I was pretty good in math when I was in school. I was able to answer the problems correctly and my SAT score for math was considerably higher than my verbal score. That was many, many years ago, and unfortunately, I don’t recall much about the math I took back then.

When I became a teacher, I tried to make math more meaningful. We had lots of manipulatives for students to use – math tiles, base ten blocks, Cuisenaire rods, tangrams, link cubes, pattern blocks, pentominoes – and we learned new concepts using these concrete materials first before going to the representational and abstract in mathematics. We did “number of the day” and students were encouraged to do mental math as they came up with pretty awesome equations. I learned about problem-solving and having students discuss how they got their answers, and students were able to share their strategies and discuss the reasonableness of an answer. As a teacher, I did my best to stay away from misconceptions that might be a barrier for my students’ math understanding later on in their schooling. But the more I read blogs by mathematicians like Sunil Singh and books about math like Mathematical Mindsets by Jo Boaler, the more I realize that I fell short as an educator and as a parent. In fact, as the graphic below shows, math should be about exploring and discovering as opposed to just learning specific skills and formulas to solve problems or to pass a test. I decided that during this time where staying-at-home is necessary, I would “play” with math and include my grandsons in the process.

I saw a tweet and a screenshot by Sunil Singh about the Is This Prime? game, and I was hooked. I shared the link with my grandsons and my son since they live on the mainland. I challenged them to beat their high score. I found myself frustrated at making the same mistakes so I decided to make a list of prime and not-prime numbers, looking for patterns. I got up to 201. Then I asked myself why it was important to learn about prime numbers and did a search. Here’s a great article, supposedly written for children, about why prime numbers are exciting and important. I also realized that I could have used a hundreds chart to determine all the prime numbers from 1-100, but that’s okay because writing down factors helped me to see patterns. I know that won’t help me to beat my son’s top score (62) or Sunil’s top score (66), but that’s okay. I was exploring and discovering something about mathematics that I didn’t know before.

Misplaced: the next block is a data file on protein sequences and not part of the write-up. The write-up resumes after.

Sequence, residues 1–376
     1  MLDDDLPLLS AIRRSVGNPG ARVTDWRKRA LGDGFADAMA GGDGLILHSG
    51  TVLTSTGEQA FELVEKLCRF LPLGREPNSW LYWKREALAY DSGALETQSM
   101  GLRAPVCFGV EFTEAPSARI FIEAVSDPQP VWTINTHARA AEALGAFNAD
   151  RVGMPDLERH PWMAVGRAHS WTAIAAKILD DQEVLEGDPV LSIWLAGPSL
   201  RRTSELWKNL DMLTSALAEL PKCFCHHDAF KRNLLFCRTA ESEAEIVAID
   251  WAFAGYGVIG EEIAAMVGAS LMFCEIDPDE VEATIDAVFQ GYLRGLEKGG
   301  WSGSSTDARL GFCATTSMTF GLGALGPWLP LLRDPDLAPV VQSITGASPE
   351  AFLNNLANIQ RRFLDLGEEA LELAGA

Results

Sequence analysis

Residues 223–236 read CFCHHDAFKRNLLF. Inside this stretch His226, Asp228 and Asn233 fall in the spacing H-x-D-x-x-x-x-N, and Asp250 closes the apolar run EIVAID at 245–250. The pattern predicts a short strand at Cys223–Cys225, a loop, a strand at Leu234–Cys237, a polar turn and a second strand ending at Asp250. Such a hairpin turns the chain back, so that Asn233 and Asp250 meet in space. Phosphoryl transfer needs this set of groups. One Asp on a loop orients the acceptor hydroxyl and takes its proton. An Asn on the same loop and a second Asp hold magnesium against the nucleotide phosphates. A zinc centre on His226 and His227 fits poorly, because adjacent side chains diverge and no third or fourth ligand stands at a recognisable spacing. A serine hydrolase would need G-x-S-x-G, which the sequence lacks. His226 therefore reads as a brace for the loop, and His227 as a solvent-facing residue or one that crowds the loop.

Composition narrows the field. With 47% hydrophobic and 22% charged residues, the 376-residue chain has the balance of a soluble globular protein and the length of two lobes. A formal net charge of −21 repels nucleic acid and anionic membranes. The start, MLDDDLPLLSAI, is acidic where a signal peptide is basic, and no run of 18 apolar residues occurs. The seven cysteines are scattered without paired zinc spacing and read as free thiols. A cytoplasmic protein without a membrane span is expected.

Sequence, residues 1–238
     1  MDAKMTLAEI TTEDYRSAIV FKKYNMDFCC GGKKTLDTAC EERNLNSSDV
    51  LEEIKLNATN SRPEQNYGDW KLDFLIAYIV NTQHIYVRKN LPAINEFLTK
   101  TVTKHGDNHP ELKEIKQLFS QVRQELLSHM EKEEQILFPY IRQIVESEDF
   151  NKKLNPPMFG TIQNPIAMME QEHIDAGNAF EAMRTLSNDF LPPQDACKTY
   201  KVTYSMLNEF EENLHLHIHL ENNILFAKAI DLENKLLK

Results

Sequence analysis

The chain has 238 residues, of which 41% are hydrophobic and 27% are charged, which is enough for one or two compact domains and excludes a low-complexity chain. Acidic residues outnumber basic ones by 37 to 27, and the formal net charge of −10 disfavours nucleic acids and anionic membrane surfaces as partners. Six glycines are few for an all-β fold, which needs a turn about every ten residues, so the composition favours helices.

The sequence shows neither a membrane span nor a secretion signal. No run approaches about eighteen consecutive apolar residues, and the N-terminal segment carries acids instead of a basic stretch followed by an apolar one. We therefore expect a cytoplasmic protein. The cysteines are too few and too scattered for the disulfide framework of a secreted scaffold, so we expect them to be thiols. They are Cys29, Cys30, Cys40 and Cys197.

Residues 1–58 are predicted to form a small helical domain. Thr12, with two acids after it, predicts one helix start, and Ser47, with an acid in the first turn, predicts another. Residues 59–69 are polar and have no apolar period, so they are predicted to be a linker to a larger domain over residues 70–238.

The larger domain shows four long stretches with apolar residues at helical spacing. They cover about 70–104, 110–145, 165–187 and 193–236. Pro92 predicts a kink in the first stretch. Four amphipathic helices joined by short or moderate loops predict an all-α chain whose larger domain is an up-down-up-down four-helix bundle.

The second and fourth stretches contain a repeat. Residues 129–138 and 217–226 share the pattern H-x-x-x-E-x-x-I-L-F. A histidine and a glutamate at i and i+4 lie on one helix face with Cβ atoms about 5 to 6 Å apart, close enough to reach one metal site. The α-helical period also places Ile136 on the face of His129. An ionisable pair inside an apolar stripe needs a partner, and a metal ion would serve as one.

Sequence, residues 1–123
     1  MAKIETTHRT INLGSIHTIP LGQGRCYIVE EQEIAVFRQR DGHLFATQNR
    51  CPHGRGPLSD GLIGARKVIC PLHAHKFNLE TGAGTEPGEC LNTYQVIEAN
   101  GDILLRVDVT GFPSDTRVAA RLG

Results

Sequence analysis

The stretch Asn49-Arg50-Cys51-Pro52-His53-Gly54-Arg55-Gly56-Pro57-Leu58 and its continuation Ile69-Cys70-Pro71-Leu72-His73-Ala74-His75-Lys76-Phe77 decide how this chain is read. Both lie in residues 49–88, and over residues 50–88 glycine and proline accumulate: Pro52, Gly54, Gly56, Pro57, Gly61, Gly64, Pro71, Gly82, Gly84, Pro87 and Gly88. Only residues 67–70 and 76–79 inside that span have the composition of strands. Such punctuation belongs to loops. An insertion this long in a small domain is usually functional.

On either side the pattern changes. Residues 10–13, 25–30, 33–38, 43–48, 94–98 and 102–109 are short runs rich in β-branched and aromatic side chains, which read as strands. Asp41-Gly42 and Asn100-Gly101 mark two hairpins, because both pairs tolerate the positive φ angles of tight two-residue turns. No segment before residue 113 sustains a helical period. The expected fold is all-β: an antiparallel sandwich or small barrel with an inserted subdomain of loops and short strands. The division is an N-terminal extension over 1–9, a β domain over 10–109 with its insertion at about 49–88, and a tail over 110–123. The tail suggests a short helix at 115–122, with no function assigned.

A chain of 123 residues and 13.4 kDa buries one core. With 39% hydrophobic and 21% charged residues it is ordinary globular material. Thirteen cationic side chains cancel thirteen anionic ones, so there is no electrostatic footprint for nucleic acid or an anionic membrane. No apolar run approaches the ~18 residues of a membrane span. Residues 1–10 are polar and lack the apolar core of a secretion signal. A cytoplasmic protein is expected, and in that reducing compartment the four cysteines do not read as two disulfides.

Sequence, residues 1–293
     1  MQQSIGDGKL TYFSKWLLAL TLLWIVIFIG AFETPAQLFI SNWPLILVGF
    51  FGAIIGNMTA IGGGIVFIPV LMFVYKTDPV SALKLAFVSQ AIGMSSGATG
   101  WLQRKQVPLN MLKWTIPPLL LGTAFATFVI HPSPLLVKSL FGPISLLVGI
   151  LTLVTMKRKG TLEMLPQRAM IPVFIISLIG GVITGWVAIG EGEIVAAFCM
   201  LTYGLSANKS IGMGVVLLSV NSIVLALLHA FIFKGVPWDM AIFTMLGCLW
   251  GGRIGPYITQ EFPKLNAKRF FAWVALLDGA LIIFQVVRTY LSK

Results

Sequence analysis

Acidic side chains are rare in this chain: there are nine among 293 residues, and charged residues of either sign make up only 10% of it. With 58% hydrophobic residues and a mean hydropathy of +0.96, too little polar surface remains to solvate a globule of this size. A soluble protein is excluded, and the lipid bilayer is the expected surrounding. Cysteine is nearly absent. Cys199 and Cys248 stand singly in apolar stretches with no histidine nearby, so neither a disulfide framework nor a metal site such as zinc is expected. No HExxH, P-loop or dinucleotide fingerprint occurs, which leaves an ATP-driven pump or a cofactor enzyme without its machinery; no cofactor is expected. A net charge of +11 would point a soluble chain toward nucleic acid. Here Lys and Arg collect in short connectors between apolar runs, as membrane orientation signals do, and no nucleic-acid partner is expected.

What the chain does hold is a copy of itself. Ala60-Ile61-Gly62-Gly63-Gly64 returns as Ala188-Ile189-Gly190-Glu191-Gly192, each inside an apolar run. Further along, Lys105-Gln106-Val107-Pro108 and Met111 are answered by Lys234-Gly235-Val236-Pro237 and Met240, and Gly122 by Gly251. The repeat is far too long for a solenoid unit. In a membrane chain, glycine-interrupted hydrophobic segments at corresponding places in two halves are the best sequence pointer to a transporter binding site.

One of my friends posted a “Crack the Code” game on Facebook. It was another fun math activity; I’ll admit that my first try was wrong, but I realized what my mistake was. Making mistakes and having math stamina (aka not giving up) is something I need to accept as part of playing with math. Can you crack the code?

Then I saw a video on Twitter and was fascinated by it; I shared it with my grandsons. Does it really work? I had to find out; it did! Then I saw that my son had posted a photo on his Facebook page with this caption: *Day 13 of quarantine… Grandma has the boys playing with a cardboard box.* My son explained that he knew this would work because that’s what they did when he helped with packing and moving households as part of his job for several summers. However, he wanted his boys to see this for themselves. I think they were as pleasantly surprised as I was that it actually worked. Then we had a little discussion via text about which box had the greater volume. Hands on, relevant math.